A fluid-resistant, disposable device intended to be placed over the nose and mouth of medical personnel or patients who are infected or displaying symptoms, to create a physical barrier between the mouth and nose of the wearer and prevent the transmission of airborne organisms during surgery or patient examination. Surgical masks are graded as level 1, 2 or 3 based on the level of protection provided, or fluid resistance.
N95 respirator
N95 respirator

A filtering face piece respirator (FFR) that is designed to form a very close seal around the nose and mouth, protecting the wearer from exposure to airborne particles including pathogenic biological airborne particulates such as viruses and bacteria. N95 respirators have been tested for particulate filtration to ensure they remove a minimum of 95% solid and liquid aerosols that do not contain oil. N95 respirators are a single use item.

P2 respirators are also particulate filter respirators that provide similar protection from airborne or aerosol spread, but are designed, manufactured and tested to different, but comparable, standards.

For the purposes of reducing exposure to COVID-19 both P2 and N95 respirators can be used interchangeably.

Surgical N95/P2 respirator*
Surgical N95/P2 respirator

A filtering face piece respirator (FFR) with a similar structure and design to standard N95 respirators to protect the wearer from exposure to pathogenic biological airborne particulates, therefore meeting the same testing requirements for a minimum 95% filtration against airborne particulates.

Surgical respirators have also been tested for fluid resistance against penetration by synthetic blood under different pressures, such as may occur during certain high risk medical procedures.

Surgical Gown
Surgical Gown
A fluid-resistant, disposable garment made of natural and/or synthetic materials worn over a scrub suit to cover the arms, trunk, and upper legs, during a surgical procedure, to help protect both the patient and operating room personnel from the transfer of microorganisms, body fluids, and particulate material.
Goggles
Goggles
A personal protective device in the form of eyewear/glasses with clear lenses intended to be used to shield the eyes of healthcare staff from blood and other body fluid splashes while performing a clinical or laboratory procedure. It is designed as uncorrected (non-prescription) or corrected (prescription) goggles or spectacles with lenses and side shields. The lenses and side shields offer additional physical barrier protection.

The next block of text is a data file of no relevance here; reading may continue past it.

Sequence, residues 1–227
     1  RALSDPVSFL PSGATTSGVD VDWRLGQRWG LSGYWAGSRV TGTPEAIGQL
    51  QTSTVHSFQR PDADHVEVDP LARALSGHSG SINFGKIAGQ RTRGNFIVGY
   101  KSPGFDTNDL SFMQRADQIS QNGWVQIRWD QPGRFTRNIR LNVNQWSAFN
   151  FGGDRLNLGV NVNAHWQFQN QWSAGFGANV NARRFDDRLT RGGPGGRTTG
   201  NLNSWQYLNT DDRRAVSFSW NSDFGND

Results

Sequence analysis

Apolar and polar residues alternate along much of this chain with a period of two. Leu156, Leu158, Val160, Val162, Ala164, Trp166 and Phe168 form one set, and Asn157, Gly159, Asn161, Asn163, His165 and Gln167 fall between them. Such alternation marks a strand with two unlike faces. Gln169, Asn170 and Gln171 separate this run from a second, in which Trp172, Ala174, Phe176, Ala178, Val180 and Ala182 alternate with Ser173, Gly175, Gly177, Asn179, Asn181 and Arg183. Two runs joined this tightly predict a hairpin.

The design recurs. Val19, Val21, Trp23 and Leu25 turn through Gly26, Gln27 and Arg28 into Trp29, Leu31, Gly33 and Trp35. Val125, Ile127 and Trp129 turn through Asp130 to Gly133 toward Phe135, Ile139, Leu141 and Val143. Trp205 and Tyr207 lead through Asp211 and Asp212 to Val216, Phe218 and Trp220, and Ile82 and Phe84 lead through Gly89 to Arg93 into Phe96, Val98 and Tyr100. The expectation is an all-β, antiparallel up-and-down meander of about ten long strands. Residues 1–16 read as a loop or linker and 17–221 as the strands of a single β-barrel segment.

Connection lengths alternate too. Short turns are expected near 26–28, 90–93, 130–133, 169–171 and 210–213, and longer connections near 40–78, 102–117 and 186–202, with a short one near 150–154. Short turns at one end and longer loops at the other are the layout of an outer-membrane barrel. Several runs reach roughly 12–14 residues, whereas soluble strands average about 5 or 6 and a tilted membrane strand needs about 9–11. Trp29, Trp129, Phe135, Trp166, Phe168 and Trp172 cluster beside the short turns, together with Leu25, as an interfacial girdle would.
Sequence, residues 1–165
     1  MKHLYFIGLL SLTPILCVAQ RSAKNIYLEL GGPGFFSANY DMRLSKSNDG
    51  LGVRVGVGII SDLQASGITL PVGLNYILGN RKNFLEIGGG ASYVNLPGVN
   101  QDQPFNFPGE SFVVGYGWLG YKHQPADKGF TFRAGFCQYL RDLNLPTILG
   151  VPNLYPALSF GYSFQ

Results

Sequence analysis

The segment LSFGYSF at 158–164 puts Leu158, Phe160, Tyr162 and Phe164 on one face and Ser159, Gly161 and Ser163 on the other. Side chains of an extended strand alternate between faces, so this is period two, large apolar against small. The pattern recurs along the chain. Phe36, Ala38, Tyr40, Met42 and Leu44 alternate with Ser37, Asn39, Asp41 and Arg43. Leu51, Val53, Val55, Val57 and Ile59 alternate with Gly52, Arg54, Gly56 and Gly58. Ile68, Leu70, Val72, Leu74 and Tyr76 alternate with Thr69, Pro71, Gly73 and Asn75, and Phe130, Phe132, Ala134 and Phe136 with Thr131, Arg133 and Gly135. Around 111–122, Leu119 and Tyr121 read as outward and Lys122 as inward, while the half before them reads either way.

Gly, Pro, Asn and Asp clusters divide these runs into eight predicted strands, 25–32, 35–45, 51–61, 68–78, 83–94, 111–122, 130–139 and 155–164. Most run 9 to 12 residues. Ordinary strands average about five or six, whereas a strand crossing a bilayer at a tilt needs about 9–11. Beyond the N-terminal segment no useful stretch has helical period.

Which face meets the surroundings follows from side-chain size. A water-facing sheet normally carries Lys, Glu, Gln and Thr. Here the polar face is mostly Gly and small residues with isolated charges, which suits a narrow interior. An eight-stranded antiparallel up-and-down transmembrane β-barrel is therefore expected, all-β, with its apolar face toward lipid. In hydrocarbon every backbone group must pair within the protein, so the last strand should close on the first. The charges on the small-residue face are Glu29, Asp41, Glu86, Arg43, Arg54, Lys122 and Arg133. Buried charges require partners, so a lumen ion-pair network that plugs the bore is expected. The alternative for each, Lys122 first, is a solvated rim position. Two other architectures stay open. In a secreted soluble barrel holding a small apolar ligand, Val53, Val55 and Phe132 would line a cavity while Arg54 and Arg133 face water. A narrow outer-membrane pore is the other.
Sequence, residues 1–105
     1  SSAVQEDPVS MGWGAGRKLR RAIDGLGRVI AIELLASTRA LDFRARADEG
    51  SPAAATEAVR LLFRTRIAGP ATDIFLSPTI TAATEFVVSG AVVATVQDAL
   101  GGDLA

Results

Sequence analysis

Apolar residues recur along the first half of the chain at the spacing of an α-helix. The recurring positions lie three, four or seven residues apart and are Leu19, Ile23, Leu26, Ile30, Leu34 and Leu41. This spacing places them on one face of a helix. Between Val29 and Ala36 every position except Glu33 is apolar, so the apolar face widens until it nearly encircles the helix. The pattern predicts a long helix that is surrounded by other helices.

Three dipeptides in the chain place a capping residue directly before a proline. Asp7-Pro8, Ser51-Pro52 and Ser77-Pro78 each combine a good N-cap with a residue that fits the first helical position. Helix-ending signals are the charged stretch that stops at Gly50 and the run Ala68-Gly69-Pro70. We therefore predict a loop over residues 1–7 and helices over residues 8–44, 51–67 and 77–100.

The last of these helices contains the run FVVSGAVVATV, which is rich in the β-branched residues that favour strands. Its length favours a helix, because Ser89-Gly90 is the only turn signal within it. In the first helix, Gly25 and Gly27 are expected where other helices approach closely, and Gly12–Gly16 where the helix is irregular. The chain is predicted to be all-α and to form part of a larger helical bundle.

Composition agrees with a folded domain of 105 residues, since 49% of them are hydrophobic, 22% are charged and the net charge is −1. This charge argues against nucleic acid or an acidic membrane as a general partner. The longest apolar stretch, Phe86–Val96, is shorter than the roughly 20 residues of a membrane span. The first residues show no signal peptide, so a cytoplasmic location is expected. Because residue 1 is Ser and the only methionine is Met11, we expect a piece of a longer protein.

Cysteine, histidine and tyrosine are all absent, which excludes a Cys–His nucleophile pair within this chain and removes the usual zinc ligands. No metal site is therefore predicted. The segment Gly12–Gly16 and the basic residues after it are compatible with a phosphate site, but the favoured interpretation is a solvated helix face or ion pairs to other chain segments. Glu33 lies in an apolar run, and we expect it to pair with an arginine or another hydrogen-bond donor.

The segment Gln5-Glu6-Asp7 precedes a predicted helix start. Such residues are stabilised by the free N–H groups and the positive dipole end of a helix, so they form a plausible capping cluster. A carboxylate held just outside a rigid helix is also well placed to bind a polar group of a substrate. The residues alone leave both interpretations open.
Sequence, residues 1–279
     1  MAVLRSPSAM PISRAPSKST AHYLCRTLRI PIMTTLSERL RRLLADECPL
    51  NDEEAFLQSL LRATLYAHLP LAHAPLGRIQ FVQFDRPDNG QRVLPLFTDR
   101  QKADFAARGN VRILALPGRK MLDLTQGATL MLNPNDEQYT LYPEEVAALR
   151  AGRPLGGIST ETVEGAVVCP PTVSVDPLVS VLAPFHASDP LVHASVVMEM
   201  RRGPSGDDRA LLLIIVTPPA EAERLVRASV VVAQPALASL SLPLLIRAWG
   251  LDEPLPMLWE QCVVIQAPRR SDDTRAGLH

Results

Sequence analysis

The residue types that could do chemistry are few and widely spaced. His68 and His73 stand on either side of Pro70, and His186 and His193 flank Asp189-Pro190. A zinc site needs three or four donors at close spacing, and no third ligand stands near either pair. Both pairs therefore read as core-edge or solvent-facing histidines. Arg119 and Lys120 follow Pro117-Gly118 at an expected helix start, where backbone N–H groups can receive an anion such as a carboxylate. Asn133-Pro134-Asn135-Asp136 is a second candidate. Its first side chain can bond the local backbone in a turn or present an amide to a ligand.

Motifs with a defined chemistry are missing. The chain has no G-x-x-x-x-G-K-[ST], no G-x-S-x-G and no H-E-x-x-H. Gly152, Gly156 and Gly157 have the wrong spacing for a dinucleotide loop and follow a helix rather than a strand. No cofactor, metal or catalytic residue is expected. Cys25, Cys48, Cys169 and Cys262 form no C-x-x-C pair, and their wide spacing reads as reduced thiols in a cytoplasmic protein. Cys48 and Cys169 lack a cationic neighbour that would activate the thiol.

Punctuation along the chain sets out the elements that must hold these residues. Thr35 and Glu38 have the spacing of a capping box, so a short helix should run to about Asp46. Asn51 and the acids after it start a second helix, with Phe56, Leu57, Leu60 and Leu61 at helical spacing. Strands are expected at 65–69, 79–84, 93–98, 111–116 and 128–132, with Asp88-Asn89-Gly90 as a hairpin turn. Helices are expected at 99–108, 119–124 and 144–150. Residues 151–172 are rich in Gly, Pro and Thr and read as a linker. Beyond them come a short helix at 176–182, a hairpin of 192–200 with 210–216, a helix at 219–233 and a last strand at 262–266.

Visors
Visors
A transparent personal protective device intended to shield the face and eyes of a healthcare worker from unnecessary exposure from blood and other body fluid splashes while performing a clinical or laboratory procedure. Visors are suitable for use with prescription lenses and protective masks.

*Note

The TGA is aware of recently identified issues with some filtering face piece respirators (FFRs) which claim compliance as KN95 respirators against the Chinese national standard for Respiratory Protection, GB 2626.

There are concerns they may not provide consistent and adequate respiratory protection based on testing conducted by National Institute for Occupational Safety and Health (NIOSH) - National Personal Protective Technology Laboratory (NPPTL) of the Centers for Disease Control and Prevention (CDC).

The TGA is currently undertaking a post-market review of all filtering face piece respirators (FFRs) and facemasks that are included in the Australian Register of Therapeutic Goods (ARTG). Further information is available on the post market review of face masks page.

Sterile medical devices

Please note that for any device that is supplied in a sterile state, the manufacturer must be able to provide evidence of sterility. Standards to help establish sterility can be found in Schedule 2 of the Therapeutic Goods (Conformity Assessment Standard for Quality Management Systems) Order 2019.

Supplying PPE in Australia

If your product meets the definition of a medical device and you intend to supply it in Australia, you will need to ensure your product is included in the ARTG before you import or supply your product. The following guidance aims to assist you with determining whether your PPE product is classed as a medical device and, if so, how your device is regulated.

Note

The sponsor of a medical device is the legal entity responsible for the importation and/or supply of the device within Australia. Sponsors must be an Australian based legal entity.

If you are supplying PPE in Australia we recommend you take the following steps to ensure you meet your obligations under the legislation: